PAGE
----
Anton Haus Biography

(Austro-Hungarian Naval Chief Who Later Became the Grand Admiral of the Navy)

Birthday: June 13, 1851 (Gemini)

Born In: Tolmin

Admiral Anton Haus was the Commander in Chief of the Austro-Hungarian navy during World War I. He was a well-known naval strategist who saw value in using his fleet as a deterrent against the Allied forces rather than in risky offensive maneuvers. Early in his career, he taught at the Naval Academy in Fiume and published his influential textbook Oceanography and Maritime Meteorology. He was also the Austro-Hungarian envoy to the second Hague Peace Conference in 1907 before World War I broke out. Even though he did lead several heavy attacks with his fleet, he preferred to let light forces, such as submarines and destroyers, do the active fighting. In fact, he was well-known to favor unrestricted submarine warfare. His career saw several promotions, including Vice Admiral in 1907, Commander of Navy in 1913, and Grand Admiral in 1916, which he retained until his death a year later. He also received several awards and medals for his actions, including one posthumously.
Quick Facts

Died At Age: 65

Born Country: Slovenia

Military Leaders Austrian Men

Died on: February 8, 1917

place of death: Pula

Childhood & Early Life
Anton Haus was born on June 13, 1851 at Tolmein, Slovenia (now Tolmin) to a Slovenian-speaking family. Not much information is available about his childhood or life before he joined the military.
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Anton Haus joined the Navy in 1869. His early career began with several shore assignments, including two teaching positions at the Naval Academy in Fiume and the Naval Torpedo School.
Once on sea assignment, he commanded a corvette in an international force sent to China to settle the Boxer Rebellion during 1900-1901. After the rebellion was settled, he stayed in Beijing for a year.
He was the Austo-Hungarian representative to the Second Hague Peace Conference after being promoted to Vice Admiral in 1907.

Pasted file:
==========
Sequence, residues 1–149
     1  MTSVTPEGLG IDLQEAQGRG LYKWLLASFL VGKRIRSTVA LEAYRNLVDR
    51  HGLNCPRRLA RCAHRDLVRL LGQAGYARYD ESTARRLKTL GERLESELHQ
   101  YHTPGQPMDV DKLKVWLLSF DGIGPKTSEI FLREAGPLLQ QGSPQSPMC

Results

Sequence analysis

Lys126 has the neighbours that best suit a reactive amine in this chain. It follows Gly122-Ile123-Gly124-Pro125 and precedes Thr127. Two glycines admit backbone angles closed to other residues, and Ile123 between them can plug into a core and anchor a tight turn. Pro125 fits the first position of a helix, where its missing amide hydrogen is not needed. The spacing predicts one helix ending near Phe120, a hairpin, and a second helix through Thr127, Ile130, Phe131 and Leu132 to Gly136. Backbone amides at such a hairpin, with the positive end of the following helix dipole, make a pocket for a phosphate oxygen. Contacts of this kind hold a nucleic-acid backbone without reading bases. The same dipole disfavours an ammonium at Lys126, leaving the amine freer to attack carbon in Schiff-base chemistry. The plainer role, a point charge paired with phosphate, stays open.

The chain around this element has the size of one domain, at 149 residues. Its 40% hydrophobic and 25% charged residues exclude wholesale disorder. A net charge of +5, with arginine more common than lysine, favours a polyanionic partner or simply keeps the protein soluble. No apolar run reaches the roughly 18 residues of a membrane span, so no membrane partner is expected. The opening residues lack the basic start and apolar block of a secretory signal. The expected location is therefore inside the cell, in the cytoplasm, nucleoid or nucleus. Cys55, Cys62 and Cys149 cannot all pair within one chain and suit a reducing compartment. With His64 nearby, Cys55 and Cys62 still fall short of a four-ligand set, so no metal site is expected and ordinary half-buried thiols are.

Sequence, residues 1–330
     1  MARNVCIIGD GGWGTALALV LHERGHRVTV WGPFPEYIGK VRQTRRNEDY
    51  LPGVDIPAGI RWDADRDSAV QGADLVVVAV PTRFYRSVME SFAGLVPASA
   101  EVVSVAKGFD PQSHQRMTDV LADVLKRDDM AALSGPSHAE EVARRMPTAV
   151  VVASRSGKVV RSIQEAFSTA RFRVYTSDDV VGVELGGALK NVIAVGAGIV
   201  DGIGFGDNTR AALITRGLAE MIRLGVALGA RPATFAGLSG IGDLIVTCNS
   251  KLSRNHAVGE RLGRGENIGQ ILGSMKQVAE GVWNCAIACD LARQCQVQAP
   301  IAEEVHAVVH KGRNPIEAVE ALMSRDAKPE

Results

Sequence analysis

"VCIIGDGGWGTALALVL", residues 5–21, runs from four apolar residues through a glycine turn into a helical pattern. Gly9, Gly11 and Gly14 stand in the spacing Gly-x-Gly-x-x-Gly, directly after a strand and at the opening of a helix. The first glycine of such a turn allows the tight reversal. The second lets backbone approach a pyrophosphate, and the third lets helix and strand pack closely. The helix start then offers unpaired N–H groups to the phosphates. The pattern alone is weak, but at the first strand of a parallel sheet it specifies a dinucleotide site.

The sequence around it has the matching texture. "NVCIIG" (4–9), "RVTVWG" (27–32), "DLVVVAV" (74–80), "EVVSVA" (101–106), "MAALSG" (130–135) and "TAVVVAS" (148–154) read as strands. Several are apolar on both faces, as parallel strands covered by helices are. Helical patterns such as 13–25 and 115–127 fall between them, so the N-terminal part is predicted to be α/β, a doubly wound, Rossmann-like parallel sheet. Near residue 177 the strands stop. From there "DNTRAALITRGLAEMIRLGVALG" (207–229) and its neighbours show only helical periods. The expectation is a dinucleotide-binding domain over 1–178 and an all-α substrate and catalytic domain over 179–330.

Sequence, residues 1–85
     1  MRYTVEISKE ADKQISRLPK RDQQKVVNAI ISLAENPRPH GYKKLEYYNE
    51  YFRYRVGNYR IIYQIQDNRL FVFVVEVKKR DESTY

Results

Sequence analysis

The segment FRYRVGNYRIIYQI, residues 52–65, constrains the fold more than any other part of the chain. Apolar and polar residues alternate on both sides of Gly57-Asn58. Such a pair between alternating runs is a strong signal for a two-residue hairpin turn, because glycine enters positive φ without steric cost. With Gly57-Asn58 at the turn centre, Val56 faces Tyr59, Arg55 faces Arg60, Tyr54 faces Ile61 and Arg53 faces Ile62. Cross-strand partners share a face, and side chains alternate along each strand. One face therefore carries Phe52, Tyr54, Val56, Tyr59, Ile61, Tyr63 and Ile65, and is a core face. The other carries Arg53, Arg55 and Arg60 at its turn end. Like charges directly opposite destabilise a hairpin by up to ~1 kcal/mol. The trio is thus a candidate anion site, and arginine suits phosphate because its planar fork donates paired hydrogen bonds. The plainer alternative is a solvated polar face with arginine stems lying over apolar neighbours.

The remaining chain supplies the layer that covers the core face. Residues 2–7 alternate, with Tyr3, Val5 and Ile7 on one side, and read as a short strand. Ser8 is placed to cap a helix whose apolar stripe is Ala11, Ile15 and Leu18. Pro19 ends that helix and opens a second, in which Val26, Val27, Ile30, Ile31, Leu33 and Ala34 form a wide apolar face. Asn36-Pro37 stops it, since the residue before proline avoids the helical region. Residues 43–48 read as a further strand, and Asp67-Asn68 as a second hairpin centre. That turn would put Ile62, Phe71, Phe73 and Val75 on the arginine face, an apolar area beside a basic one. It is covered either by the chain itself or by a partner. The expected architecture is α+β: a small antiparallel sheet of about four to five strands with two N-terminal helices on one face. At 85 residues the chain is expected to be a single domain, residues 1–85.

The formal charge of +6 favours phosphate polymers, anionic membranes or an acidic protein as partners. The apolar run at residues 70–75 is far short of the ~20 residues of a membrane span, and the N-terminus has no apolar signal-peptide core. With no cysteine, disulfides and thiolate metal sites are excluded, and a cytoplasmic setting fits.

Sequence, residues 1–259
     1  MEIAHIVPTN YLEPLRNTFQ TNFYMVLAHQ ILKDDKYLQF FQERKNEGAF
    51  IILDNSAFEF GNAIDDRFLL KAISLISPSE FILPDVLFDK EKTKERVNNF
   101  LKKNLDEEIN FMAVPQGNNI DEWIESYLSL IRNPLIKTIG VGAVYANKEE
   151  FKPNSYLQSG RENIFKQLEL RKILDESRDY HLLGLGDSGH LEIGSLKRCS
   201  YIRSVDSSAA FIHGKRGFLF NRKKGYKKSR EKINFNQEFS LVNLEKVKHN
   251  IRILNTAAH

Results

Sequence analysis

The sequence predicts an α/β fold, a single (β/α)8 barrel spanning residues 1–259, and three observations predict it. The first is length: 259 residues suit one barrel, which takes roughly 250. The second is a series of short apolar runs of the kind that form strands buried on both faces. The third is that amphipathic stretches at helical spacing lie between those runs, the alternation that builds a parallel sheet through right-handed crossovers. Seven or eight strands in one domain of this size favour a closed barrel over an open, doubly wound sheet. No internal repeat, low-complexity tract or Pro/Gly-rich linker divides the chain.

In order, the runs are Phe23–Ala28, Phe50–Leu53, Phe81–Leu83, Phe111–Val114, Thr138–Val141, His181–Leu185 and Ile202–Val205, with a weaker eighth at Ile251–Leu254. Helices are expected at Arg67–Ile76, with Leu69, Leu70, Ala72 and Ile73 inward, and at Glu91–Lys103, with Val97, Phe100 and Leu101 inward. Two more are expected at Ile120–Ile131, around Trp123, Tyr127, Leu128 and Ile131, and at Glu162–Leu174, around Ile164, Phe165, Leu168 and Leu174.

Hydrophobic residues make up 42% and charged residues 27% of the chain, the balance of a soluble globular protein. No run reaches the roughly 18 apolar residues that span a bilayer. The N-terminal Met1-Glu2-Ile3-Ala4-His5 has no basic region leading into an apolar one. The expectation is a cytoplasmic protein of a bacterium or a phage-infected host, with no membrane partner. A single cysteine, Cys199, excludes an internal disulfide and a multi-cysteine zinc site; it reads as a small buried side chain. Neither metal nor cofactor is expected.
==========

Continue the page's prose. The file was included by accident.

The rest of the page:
With the help of his patron, Archduke Franz Ferdinand, he was promoted to Fleet Inspector in 1912, then Navy Commander and Chief Commander of the Naval Section of the War Ministry a year later.
He was a strong proponent for naval expansion. Before the war, he worked on several naval construction plans and promoted naval corporation with the country's Triple Alliance with Italy and Germany.
During the war, he was best known for taking a strategic defensive position with the country's outnumbered Navy. Under his leadership, the Navy carried out the naval war using submarines, fast cruisers, and destroyers. Though frowned upon by Germany, this strategy effectively pinned down Alliance naval force throughout the war.
After the war, he was promoted to Grand Admiral, the only high-ranking official still serving except for the Army Chief of Staff. He held this position until his death in 1917.
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Major Works
During his teaching position at the Naval Academy, Haus published his very influential textbook, Oceanography and Maritime Meteorology in 1891.
Awards & Achievements
Due to the Archduke's patronage, he was promoted to Fleet Inspector in 1912, then Commander in Chief and Navy Commander in 1913.

His victories and achievements during the war got him promoted to Grand Admiral in 1916.
Emperor Karl I conferred upon him the posthumous honour of Commander of the Military Order of Maria Theresa.
Personal Life & Legacy
After an honorable career serving in the Navy, Anton Haus died of pneumonia in Pola, Croatia, on February 2, 1917. He was 66 years old.
In 1925, his remains were exhumed and transported to Vienna when Pola was placed under Italy's sovereignty postwar.
Maximillian Njegoven succeeded Haus as both Fleet Commander and Navy Commander after his death in 1917. Karl Kailer von Kagenfels succeeded in the position of Chief of the Naval Section of the War Ministry.
The fleet Haus maintained during the war was parceled out among the victorious powers after 1918.
During the war, the Alliance wanted the Austro-Hungarian navy to launch an extremely risky offensive against the enemy. He refused however, knowing the outnumbered navy would be overrun by France's superior navy. If it wasn't for his defensive strategy, the navy wouldn't have succeeded as well as they did, especially when Italy switched sides.

See the events in life of Anton Haus in Chronological Order

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